24th Street Residence is a minimalist modern home showcasing art display walls throughout, envisioned by Steven Kent Architect, located in Santa Monica, California. The clients are a Culver City are gallery owner and a musician with two young boys. The 4,950 square foot, five bedroom, six bathroom home highlights a stunning outdoor room, art display walls, recording studio and home theater that utilizes green building technologies. From the street, the residence is a series of overlapping rectangular volumes, each features varying materials and textures. The house is anchored by a three-story poured concrete stair enclosure.
The second floor cantilevers out, sheltering the main entry. This glass volume is shrouded with a retractable aluminum structure fitted with wood slats for privacy. The main floor is a large living space that opens to the outdoor room. They are connected by an expansive wall of glass multi panel sliding doors.
A Boffi kitchen is open to the dining/ living area with island seating for casual family eating. A giant floor to ceiling solid wood slab door recesses into wall to seamlessly join the main living area and home theater. The rolling door seals shut for sound and light separation.
Upstairs, the glass walled master suite and deck float over the outdoor room and open to the backyard pool area below. Glass wraps around the master bedroom and bathroom. A bamboo hedge provides privacy. A basement recording studio features a mixing room and soundproof room for live instruments. The house incorporates photovoltaic and hydronic solar systems, radiant flooring, Low-E commercial glazing, automated house controls and many other energy saving features.
Photos: Courtesy of Steven Kent Architect
Steeling Home was envisioned by Ward Young Architects as a mountain contemporary home that is located in Martis Camp, Lake Tahoe, California. The residence has been described as a New York loft meets mountain living, satisfying the client’s desire to infuse their second home with a taste of New York charm. The design showcases exposed steel beams, floor-to-ceiling windows, raw metal details, sculptural lighting and walnut wood accents. The interior design team of Beth Cohen Design Associates balanced this urban approach by including comfortable furniture, warm tactile fabrics and a rich palette of materials. The exterior is clad in cedar, basalt stone, steel siding, and copper roofing. The home incorporates a pool and large outdoor terraces with firepit, built-in grill and spa. The final result was a mountain getaway with a touch of metropolitan sophistication.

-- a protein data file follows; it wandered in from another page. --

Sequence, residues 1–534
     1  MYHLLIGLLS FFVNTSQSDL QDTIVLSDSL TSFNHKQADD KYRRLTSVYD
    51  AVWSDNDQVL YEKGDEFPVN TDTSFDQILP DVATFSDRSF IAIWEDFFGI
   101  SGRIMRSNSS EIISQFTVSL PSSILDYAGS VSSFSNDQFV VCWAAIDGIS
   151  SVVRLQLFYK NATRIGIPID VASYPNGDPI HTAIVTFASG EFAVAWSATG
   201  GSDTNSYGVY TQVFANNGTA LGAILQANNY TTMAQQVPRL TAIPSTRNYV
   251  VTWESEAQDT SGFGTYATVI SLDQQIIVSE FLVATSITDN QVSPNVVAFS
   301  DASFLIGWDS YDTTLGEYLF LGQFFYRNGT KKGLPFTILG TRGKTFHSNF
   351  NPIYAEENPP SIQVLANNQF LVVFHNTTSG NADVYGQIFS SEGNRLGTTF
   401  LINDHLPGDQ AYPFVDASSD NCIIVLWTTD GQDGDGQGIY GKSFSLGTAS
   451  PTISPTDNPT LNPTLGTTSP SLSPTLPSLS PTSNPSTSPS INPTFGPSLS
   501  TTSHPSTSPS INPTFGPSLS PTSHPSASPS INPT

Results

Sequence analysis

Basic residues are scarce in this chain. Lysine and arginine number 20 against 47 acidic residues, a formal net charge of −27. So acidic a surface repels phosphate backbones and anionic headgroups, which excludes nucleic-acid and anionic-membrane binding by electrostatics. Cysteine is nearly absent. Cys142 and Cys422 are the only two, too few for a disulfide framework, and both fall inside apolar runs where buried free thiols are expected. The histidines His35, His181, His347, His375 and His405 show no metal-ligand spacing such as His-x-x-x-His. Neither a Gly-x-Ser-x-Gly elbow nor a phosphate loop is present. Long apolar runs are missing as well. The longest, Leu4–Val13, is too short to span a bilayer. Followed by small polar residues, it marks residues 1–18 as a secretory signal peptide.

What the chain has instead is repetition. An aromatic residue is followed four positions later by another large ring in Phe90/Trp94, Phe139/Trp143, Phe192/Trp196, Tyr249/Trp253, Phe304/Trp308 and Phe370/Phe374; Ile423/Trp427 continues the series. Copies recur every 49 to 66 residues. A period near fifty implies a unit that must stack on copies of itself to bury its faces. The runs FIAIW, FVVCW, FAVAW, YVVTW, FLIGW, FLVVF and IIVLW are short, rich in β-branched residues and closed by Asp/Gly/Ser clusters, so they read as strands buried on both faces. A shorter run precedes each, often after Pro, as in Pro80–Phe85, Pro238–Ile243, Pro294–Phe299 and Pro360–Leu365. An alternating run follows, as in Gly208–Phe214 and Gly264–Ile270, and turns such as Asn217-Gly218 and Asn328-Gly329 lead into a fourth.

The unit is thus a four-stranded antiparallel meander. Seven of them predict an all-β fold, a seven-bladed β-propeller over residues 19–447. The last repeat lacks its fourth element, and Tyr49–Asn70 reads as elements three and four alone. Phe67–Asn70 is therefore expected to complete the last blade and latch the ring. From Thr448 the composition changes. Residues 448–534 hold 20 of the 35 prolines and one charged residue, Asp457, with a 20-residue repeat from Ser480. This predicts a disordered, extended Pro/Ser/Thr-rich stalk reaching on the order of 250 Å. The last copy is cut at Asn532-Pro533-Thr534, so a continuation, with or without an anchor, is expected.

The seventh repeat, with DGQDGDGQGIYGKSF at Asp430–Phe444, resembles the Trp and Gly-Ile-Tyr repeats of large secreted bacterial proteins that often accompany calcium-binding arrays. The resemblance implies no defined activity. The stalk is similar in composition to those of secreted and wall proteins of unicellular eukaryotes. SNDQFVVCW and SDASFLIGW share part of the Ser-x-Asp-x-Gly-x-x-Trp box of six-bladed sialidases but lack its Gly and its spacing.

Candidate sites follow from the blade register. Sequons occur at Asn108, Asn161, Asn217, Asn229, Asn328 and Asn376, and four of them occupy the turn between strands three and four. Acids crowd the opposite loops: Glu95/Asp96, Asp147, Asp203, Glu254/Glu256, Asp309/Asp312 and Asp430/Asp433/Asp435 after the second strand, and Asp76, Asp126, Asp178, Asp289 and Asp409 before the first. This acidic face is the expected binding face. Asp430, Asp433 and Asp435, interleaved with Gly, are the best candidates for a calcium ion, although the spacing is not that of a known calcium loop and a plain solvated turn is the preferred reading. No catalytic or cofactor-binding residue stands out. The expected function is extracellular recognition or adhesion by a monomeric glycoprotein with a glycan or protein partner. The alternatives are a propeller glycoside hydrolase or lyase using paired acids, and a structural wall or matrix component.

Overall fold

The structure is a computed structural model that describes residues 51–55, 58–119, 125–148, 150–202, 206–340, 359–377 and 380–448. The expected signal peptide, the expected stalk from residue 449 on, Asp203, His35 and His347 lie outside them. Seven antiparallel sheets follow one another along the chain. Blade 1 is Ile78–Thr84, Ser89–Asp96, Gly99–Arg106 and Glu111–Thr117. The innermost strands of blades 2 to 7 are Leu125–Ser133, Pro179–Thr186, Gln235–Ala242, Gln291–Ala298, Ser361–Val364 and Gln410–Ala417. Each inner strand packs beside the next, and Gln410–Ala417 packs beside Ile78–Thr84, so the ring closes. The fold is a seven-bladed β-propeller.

This home received the 2011 Tahoe Quarterly Mountain Home Award in the “Contemporary” category, and also the ASID California Peninsula Chapter’s 27th Annual Design Awards in the “Gold” category for residences over 3,000 square feet.
After entering through the walnut-and-steel pivot door, a two-sided, board-formed concrete fireplace awaits. Inside, the foyer/gallery space flows to open steel stairs with thick walnut treads floating between the stringers, all wrapped with an industrial cable rail system.
Natural and muted materials were used throughout the interiors that complemented rather than competed with the contemporary architecture.
Photos: Courtesy of Ward Young Architects
This Tuscan designed Italian farmhouse features breathtaking views of the Big Sur coastline, which has been designed by architect Mickey Muenning. The home has read more
The Cube House project is an old Victorian home that has been re-imagined by John Maniscalco Architecture for a family of four, located in San Francisco, California. This dilapidated 1895 Victorian with a historically protected facade, abnormally long building footprint, and zero lot-line configuration was transformed into a light-filled home. The introduction of a two-story atrium (which is open to the sky) brings the exterior into the very center of the urban dwelling becoming the spatial organizing gesture, allowing all areas of the house to partake of the light, air, and landscape (both earth and sky) that this protected garden provides.